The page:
Pop culture obsessives writing for the pop culture obsessed.
Family Guy
Image: Fox

On Sunday, Fox finally aired the long-dreaded Family Guy episode in which Peter Griffin takes a job working at the White House and Donald Trump sexually assaults Meg. Nobody who worked on that would be blamed for wanting to just move on with their lives and pretend it never happened, but Family Guy executive producers Rich Appel and Alec Sulkin actually sat down with TVLine to discuss the important points from the episode, and virtually every response they gave to TVLine’s questions makes the episode seem even less appealing than it did before (which, in a way, is kind of an achievement).

For one thing, despite the fact that the episode culminates in a minutes-long fistfight between Trump and Peter (naturally), Sulkin and Appel try to play the South Park-style “we have no political angle” card. They point out that the show has made fun of the Clintons and Barack Obama in the past, so they’re only making fun of Trump in the episode because he’s the guy in power. “It would be no different if a Democrat were doing something idiotic,” Sulkin noted, with Appel adding that “hypocrisy, lying, and buffoonery in the public sphere should just be called out.” They also try to placate any angry Republican Family Guy fans by referencing a Reggie Jackson quote about how “they don’t boo nobodies,” so at least Trump isn’t a “nobody.”

The real meaty part of the interview, though, comes when TVLine asks about a line from the episode where Peter tells Trump that he’s been “trying to phase out” gay jokes. Sulkin and Appel admit that this is a real and conscious thing that the show has been doing lately, saying that what they were comfortable with back in 2005 is no longer acceptable and that they’re not doing it because anyone is forcing them to. They just recognized that “the show has to shift and evolve in a lot of different ways” to reflect the way “the culture changes.” The problem here is that nobody deserves credit for “trying to phase out gay jokes.” Not making gay jokes is very easy to do, and that has nothing to do with the fact that it’s 2019 and culture has changed since Family Guy started. Gay jokes aren’t okay now, and they also weren’t okay in 2005 when Family Guy was comfortable making them.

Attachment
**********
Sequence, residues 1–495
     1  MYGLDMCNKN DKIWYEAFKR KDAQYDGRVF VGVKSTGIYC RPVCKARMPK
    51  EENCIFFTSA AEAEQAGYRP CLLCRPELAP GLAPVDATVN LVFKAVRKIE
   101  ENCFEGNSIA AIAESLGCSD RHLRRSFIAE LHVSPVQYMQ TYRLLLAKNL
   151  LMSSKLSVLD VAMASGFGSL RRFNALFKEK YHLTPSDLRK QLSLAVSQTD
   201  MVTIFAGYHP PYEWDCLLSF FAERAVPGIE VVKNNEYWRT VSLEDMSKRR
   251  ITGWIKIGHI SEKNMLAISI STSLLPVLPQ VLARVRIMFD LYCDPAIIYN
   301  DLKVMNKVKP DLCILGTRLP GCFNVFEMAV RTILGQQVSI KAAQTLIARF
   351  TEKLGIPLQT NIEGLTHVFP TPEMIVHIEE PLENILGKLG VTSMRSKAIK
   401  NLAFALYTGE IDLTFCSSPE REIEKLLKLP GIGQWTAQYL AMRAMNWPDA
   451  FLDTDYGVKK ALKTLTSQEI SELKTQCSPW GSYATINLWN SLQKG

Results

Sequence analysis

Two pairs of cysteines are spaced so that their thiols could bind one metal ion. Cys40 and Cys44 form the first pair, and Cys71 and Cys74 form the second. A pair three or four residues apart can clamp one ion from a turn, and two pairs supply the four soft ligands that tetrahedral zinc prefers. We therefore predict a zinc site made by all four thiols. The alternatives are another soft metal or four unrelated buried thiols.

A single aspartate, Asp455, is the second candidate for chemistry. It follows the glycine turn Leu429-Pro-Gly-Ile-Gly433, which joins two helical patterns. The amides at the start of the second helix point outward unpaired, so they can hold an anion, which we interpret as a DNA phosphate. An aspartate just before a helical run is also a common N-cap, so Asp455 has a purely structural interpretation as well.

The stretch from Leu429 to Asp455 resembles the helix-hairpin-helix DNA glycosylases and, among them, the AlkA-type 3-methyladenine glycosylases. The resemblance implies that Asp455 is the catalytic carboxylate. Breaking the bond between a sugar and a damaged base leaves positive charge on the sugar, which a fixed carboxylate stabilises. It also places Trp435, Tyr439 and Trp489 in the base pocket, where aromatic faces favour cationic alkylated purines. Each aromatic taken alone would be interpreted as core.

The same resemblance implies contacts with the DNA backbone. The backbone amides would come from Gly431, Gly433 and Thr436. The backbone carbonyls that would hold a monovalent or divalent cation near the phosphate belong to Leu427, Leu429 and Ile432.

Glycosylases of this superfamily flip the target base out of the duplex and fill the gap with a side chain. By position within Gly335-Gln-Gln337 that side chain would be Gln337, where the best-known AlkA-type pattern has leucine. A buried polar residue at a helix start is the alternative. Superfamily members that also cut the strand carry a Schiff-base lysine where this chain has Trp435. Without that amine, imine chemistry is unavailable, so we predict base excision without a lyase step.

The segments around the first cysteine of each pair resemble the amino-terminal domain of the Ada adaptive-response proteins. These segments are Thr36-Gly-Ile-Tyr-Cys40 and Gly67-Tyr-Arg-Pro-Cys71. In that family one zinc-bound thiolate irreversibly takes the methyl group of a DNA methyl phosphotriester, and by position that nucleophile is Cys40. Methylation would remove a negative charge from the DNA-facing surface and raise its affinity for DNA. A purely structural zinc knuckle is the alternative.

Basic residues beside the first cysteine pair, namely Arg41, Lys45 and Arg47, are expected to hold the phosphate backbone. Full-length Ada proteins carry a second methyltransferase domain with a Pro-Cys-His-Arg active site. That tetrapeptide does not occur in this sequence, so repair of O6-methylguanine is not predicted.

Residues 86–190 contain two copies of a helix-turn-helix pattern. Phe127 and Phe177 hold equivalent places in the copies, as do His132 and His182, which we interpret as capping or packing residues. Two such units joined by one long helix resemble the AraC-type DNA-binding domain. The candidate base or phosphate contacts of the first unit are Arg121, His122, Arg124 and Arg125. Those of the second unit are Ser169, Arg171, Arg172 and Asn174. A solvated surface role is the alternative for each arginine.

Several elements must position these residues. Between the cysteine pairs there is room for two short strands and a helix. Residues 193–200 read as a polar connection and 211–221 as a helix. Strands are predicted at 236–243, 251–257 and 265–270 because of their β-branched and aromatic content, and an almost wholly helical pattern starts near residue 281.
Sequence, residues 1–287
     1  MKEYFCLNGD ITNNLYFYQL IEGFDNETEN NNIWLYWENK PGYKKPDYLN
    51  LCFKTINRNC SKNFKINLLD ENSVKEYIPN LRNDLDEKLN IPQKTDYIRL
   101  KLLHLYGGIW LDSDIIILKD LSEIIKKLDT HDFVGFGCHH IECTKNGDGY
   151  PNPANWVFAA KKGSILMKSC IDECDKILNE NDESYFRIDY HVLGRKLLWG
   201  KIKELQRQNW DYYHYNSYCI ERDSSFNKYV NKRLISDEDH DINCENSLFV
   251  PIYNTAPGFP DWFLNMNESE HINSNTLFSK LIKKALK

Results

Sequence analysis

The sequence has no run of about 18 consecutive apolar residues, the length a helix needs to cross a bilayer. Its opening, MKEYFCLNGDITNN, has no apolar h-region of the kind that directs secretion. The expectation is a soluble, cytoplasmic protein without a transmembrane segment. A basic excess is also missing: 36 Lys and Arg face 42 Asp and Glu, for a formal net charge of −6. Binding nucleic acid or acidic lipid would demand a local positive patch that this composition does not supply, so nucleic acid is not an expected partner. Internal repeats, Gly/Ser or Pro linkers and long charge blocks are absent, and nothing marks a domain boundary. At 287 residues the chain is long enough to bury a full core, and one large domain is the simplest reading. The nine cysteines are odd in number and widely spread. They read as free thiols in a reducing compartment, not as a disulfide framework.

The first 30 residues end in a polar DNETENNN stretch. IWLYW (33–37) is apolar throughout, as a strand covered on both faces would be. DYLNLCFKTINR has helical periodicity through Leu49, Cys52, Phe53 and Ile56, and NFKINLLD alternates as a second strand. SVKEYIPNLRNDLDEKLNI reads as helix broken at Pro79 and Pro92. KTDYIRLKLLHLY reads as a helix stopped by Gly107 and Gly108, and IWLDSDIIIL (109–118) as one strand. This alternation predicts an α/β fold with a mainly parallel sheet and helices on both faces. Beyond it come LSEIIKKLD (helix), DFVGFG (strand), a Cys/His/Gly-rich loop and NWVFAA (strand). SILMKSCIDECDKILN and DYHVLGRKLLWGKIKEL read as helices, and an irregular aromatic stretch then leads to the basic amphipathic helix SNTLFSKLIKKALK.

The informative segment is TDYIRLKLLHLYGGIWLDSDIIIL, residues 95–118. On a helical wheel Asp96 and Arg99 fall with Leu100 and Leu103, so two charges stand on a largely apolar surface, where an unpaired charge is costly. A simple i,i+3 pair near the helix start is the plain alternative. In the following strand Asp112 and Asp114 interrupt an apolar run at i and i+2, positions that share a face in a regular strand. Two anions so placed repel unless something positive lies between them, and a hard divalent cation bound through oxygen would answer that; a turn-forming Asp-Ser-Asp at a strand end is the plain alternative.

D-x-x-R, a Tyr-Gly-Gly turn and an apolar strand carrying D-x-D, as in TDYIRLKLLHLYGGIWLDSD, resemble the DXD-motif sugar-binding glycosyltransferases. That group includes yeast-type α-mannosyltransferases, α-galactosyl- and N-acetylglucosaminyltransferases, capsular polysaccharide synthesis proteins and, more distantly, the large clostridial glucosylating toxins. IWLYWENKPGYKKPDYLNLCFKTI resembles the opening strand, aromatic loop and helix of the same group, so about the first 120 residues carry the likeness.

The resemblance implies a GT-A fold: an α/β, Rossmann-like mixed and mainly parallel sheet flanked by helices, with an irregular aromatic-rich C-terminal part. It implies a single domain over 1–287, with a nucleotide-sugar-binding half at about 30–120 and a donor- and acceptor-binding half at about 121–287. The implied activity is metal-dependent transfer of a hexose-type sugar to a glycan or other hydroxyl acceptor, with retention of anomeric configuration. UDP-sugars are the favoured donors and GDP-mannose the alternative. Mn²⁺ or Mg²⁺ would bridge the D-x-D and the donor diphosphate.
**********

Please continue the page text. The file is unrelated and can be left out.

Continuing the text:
Also, Donald Trump sexually assaulted Meg and it was played as a joke! Family Guy’s take on whether or not gay jokes are okay is one thing, but that’s fucking crazy! How many writers and producers and network executives and animators and voice actors did that plot point have to go through before it made it to air on a network TV cartoon? Of course, this is the same show that had a gag over a decade ago in which Quagmire raped Marge Simpson and then murdered her entire family, so maybe the members of the Family Guy team haven’t matured as much as they think they have.

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